Monday, October 03, 2005

Have you ever heard the saying...? (Part 2)

I'd like to alter the saying mentioned in Part 1 to be the following: "You can tell someone's heart or devotion to God by examining one simple thing...their day-planner."

Now, I understand that most of us don't keep a day-planner for our day to day activities, but what if we did? Now, I'm not thinking of a day-planner where you pencil in what you need to or intend to do, but one that is retro-active in its entries. If there were a report like this that would show me exactly what I was doing for my day on a 15 minute increment as well as an overall summary of time, what would it look like? Now, obviously, there is no such report that can be generated automatically that we can look at, but what if you or I were to sit down for a few minutes and sketch one out? It'd actually be pretty easy since most of our lives have a great deal of consistency on a day to day basis.

For instance, I work the same time (relatively) each day for the same amount of time during the week. I'm in the car (mostly to and from work) for a similar amount of time each day. And so on and so on. So, once you build a "normal" day, it's easy enough to edit it for any given day.

Q: What's the point here?
A: The point or intention of this exercise is to get an idea of how much of my time do I spend solely devoted to God as opposed to how much time do I spend on "relaxing" or time solely spent on me.

I am looking at this with the same critical eye that I was examining the "giving" issue that I have previously raised. Here's an example:

Many of my Christian friends love our local football team. The Vikings play for about 3 or 4 hours each week during their season. Most fans (Christians and non-Christians alike) are riveted to the TV or radio for that time, and make an event of it. We'll clear our schedule, get food, set up the TV/Family room, dress for the occasion (hat, jersey, etc) - all of this prior to the 3 hours of entertainment - just to watch a football game. But it doesn't stop there, following the game (for days on end) there is the discussion of the game results and the prognostication of the rest of the season, play-off hopes, etc., etc.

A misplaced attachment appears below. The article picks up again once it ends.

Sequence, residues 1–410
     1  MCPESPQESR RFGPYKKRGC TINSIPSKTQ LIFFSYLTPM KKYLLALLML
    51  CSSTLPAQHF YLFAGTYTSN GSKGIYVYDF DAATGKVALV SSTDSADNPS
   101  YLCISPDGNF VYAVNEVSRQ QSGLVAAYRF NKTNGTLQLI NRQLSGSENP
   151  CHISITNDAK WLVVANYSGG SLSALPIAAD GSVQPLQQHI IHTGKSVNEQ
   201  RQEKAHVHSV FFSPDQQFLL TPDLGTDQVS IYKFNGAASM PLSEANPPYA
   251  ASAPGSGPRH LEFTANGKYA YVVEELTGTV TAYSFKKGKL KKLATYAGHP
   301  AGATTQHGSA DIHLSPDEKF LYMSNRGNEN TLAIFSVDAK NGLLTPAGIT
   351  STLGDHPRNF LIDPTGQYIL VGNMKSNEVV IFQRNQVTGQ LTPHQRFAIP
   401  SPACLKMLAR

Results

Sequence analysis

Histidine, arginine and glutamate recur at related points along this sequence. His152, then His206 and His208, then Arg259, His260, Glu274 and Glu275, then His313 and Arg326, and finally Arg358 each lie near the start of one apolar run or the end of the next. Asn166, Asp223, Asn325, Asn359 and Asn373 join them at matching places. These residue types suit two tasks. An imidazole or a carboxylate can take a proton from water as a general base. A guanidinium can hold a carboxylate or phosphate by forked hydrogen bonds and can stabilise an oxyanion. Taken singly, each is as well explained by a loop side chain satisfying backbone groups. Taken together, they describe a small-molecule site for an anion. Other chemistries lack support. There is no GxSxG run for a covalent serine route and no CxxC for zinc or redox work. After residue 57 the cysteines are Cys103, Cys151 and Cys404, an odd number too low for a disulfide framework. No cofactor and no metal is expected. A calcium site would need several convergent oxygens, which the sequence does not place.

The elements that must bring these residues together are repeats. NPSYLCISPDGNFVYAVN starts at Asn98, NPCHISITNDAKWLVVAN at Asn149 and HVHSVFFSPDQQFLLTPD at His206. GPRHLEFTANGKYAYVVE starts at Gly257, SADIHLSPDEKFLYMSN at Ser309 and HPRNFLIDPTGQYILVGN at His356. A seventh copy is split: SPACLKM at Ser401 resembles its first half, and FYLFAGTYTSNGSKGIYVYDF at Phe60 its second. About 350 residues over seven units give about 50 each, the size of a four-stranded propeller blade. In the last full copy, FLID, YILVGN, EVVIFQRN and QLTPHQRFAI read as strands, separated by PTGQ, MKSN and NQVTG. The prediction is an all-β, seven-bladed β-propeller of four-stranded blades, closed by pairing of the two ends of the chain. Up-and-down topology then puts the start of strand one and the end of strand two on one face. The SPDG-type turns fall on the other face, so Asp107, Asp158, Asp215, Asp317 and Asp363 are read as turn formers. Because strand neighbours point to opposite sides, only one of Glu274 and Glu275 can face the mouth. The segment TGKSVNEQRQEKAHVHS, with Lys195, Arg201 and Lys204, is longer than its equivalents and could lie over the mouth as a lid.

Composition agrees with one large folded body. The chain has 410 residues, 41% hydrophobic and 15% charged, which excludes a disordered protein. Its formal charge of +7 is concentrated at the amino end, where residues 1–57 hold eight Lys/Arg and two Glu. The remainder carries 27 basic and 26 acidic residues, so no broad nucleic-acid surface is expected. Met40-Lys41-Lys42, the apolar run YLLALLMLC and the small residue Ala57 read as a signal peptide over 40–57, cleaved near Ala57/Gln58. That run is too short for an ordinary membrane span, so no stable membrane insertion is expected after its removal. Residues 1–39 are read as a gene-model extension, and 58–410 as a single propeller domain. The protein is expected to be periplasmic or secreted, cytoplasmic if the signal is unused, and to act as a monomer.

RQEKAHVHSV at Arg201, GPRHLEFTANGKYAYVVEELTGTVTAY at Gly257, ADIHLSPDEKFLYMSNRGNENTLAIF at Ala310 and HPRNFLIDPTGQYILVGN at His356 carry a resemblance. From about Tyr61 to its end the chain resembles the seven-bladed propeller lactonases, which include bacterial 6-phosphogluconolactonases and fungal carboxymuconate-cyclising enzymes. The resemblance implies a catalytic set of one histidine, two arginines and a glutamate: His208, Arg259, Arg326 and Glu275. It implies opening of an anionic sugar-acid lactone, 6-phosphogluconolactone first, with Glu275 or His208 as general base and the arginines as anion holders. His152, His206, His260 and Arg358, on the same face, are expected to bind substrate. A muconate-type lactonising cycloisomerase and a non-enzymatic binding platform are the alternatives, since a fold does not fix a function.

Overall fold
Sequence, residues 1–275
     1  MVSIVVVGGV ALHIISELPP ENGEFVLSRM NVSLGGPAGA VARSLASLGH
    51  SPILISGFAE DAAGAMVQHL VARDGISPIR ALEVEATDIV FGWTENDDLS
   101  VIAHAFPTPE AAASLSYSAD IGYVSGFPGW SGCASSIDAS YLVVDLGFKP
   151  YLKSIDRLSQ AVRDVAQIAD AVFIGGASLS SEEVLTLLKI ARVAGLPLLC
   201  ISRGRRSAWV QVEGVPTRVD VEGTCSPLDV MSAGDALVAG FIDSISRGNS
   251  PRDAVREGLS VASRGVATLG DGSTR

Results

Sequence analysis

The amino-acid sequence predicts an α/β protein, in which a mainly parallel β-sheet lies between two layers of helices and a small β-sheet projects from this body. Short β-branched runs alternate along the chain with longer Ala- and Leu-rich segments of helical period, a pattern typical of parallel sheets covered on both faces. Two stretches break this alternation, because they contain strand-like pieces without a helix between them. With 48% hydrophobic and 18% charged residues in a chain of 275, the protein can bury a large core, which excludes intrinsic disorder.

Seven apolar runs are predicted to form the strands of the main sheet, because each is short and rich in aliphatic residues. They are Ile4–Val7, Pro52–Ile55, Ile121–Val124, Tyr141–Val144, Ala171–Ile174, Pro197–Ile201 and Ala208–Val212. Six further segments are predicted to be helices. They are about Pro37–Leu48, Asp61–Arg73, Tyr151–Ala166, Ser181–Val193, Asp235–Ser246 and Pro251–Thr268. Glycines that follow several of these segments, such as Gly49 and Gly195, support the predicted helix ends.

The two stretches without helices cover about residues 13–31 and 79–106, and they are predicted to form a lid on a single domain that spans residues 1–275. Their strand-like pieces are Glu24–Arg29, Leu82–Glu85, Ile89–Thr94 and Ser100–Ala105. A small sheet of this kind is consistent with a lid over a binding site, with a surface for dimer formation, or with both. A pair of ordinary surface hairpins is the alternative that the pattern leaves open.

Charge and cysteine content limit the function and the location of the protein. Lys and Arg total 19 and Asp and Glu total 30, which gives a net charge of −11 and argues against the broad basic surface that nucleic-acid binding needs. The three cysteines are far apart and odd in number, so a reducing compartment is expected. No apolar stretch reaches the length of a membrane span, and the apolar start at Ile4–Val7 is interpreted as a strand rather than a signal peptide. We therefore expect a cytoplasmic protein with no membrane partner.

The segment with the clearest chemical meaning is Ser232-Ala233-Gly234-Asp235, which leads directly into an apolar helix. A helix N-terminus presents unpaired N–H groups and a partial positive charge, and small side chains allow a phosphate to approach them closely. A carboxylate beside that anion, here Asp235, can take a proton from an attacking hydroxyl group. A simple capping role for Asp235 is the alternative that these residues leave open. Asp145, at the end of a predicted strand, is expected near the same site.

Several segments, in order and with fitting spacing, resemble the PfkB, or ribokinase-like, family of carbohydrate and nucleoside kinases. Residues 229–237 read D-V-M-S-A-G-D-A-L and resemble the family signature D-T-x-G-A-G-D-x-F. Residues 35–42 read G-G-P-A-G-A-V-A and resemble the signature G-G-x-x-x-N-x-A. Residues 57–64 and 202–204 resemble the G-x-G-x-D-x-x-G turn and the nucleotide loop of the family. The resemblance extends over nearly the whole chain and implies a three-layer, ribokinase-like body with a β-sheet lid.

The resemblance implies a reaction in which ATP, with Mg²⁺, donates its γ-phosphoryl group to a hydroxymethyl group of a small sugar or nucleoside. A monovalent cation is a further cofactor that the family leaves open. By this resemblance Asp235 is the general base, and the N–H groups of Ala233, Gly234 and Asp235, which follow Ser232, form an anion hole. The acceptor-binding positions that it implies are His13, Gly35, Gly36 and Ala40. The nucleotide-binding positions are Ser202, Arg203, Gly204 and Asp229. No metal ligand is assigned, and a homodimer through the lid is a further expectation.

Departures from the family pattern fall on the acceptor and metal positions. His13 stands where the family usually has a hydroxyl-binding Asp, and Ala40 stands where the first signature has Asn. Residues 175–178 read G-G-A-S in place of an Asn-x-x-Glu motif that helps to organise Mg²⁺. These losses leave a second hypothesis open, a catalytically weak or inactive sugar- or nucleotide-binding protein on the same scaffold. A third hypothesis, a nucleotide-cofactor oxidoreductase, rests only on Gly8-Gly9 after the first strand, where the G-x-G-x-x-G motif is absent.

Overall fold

How does my dedicated - not gonna compromise this time except in the case of an emergency - time for my football team stack up against time that I devote wholly to my love for and walk with Christ?

My thrust is not to say that every Christian needs to have the same "cookie-cutter" type of quiet time formula, but I think that if I (we, you, or whomever) don't have some sort of designated, set apart, special, intense, devoted time for my walk with God - and yet I have it for my own personal time - I need to do some serious reevaluating of where my true treasure and love resides. Sounds harsh, huh? Well, it should. We (Christians) are warned over and over about what we do and how we act and to be aware that these things will be judged. 1 Corinthians 3:14,15 speaks to how a Christian's works will be judged by God in the end. I think that a good understanding of this passage revolves primarily around the gospel that we preach and we need to make sure that it conforms to the true gospel (there is no other gospel - see Galatians 1:6-10 for Paul's super clear admonishment about this). But, our way of life, and what we show as valuable (with our time and money) reflect the worth that we attribute to the gospel and ultimately to Christ Himself.

Wrap up:
1 Peter 2:2 says that new Christians should desire the pure milk of the Word. This (I understand) means that a new Christian desire and need the plain and simple truths of the gospel just like a baby desires mamma's milk. And parents - you and I both know that babies are never circumspect about their need for food. Psalms 119:9-16speaks for an older believer in God and the scope of his desire for God's truth. When Paul tells Timothy that the love of money is the root of all sorts of evil, Paul also instructs him to flee from these things and puruse righteousness, among other things (1 Timothy 6:10-12). Also, we can get an idea of how important it is to make a point of special, devoted time to God by seeing Christ as the example. One of my favorites is Mark 1:32-37 (specifically verse 35) where we see that Jesus got up early after a long night of working to make special time for God.

For His glory, let us examine ourselves in all areas.

1 comment:

Lynn said...

Whether one speaks of time or money we are to be stewards of what God gives us. We are not promised more time - I could die today. We are not promised more $$ - I could lose my job or my abilities today. In the end we will give an account for what we did with our resources. How will you account for what God has given you?

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